Author + information
- Received April 3, 2017
- Accepted April 6, 2017
- Published online July 3, 2017.
- Mariusz Tomaniak, MDa,
- Janusz Kochman, MD, PhDa,∗ (, )
- Łukasz Kołtowski, MD, PhDa,
- Arkadiusz Pietrasik, MD, PhDa,
- Adam Rdzanek, MD, PhDa,
- Krzysztof J. Filipiak, MD, PhDa,
- Grzegorz Opolski, MD, PhDa and
- Evelyn Regar, MD, PhDb
- aFirst Department of Cardiology, Medical University of Warsaw, Warsaw, Poland
- bUniversity Heart Center, University Hospital Zürich, Zürich, Switzerland
- ↵∗Address for correspondence:
Dr. Janusz Kochman, First Department of Cardiology, Medical University of Warsaw, Banacha 1a Str., 02-097 Warsaw, Poland.
A 66-year-old man with hypertension, without diabetes, presenting with inferior ST-segment elevation myocardial infarction was treated with uncomplicated primary percutaneous coronary intervention with implantation of 2 overlapping Absorb bioresorbable vascular scaffolds (3.0 × 28 and 3.5 × 20 mm; Abbott Vascular, Abbott Park, Illinois) in the right coronary artery. Good expansion of the device was confirmed by optical coherence tomography (Ilumien, St. Jude Medical, St. Paul, Minnesota) (Figure 1A). Two-year clinical follow-up was uneventful. Optical coherence tomography confirmed vessel patency, with the scaffold clearly recognizable (Figure 1B). Strut coverage toward the lumen appeared concentric, homogeneous, and signal intense. The tissue around and on the abluminal side of the struts showed focally regions with signal-poor voids that were sharply delineated, could be followed in multiple contiguous frames, and communicated with the lumen (Figures 1B and 1C). These features were not apparent at baseline (Figure 1A).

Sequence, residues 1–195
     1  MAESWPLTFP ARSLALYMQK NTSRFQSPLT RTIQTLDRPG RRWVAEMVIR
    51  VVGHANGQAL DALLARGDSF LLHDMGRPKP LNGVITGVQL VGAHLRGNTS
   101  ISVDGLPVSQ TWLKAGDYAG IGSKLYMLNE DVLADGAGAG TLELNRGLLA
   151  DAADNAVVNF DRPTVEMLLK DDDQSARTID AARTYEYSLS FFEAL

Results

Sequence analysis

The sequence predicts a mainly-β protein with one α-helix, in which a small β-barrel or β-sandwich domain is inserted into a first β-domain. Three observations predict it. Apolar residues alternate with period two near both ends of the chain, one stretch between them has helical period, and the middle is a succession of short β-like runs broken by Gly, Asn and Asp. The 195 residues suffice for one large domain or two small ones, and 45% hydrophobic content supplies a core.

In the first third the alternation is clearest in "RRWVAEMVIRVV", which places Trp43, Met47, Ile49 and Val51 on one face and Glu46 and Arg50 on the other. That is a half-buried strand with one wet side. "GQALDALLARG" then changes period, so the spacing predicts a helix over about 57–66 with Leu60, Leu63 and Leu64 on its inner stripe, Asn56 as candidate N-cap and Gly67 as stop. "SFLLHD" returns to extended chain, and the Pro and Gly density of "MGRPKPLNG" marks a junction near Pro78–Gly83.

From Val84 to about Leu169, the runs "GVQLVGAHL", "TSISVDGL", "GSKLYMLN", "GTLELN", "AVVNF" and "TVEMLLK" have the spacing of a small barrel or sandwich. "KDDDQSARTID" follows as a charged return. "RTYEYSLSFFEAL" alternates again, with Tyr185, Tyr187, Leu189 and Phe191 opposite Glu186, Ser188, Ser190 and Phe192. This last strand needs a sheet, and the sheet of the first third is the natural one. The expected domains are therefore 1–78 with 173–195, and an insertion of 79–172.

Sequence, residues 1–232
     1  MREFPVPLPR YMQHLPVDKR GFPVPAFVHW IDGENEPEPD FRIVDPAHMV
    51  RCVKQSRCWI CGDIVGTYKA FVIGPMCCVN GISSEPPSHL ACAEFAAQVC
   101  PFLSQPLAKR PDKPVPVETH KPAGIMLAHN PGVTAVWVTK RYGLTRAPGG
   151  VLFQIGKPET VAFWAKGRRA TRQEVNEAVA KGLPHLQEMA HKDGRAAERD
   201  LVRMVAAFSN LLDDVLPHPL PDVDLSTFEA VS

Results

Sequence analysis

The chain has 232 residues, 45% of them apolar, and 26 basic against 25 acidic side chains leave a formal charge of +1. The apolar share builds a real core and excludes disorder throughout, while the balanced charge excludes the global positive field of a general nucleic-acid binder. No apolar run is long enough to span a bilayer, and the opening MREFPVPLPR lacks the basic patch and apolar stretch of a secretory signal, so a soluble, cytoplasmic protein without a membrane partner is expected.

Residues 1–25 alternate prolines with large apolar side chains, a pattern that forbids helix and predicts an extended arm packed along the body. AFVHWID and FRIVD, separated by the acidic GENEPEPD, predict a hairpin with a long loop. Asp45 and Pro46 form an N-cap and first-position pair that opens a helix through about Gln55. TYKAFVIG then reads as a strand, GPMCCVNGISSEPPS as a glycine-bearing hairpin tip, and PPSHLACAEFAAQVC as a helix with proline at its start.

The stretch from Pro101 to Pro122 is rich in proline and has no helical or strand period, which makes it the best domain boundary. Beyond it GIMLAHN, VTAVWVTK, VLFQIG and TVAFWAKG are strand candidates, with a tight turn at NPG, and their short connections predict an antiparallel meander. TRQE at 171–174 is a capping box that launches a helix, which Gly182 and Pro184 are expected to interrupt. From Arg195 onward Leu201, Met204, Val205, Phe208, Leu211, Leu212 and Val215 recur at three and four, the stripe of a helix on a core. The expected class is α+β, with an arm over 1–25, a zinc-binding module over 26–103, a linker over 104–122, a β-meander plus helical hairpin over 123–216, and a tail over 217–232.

Our case illustrates optical coherence tomographic findings consistent with the formation of microvessels (1) within the coverage layer after BVS implantation. This is of note, as neointimal neovascularization has been suggested as a trigger for in-stent neoatherosclerosis, restenosis, and subsequent plaque rupture in metallic stents (2). In contrast, the bioresorbable nature of the scaffold is expected to reduce such complications by preventing rupture and thrombosis due to the formation of a homogenous fibrotic neointimal layer that potentially can shield necrotic plaque components toward the lumen (3). In our patient, there were no clinical sequelae, the vessel was patent, the lumen was well preserved, and there was no restenosis. However, the clear documentation of relatively profuse neovascularization may point toward a need for a better understanding of such phenomenon (e.g., whether this finding represents physiological vessel healing response or, on the contrary, constitutes a sign of accelerated neointimal growth, potentially associated with pronounced inflammatory response, neoatherogenesis, and adverse clinical outcomes). As such, our observation might contribute to the understanding of causes for late scaffold failures (4), although its direct clinical implications have yet to be seen.
The authors have reported that they have no relationships relevant to the contents of this paper to disclose.
- Received April 3, 2017.
- Accepted April 6, 2017.
- 2017 American College of Cardiology Foundation
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